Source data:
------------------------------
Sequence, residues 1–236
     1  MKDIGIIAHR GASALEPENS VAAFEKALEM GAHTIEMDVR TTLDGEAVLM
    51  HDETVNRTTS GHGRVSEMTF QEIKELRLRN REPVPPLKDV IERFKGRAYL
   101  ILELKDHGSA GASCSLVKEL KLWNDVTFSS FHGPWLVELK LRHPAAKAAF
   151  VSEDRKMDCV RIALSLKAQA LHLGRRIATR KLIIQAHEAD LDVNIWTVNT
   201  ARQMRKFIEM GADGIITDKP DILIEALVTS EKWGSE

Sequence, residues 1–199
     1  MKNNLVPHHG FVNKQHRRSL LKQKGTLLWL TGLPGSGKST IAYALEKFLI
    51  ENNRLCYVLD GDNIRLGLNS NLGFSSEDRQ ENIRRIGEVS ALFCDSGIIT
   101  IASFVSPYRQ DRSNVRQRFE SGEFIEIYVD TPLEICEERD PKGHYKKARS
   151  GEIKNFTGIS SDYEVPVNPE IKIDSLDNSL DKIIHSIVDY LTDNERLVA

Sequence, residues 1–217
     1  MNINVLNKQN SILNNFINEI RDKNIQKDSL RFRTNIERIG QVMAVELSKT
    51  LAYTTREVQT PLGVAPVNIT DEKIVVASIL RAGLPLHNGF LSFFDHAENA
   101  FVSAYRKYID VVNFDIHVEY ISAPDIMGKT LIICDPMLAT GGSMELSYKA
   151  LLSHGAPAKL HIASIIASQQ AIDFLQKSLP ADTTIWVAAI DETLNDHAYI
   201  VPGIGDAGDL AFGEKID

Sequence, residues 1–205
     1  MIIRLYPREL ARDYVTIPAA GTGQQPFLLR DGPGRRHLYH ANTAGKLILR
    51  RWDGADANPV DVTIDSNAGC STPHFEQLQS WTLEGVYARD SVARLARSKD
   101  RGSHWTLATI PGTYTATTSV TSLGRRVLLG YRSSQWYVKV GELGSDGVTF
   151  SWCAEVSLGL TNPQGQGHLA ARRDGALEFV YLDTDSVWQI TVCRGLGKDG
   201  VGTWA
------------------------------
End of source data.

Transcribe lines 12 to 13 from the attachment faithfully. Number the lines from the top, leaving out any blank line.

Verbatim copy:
Sequence, residues 1–217
     1  MNINVLNKQN SILNNFINEI RDKNIQKDSL RFRTNIERIG QVMAVELSKT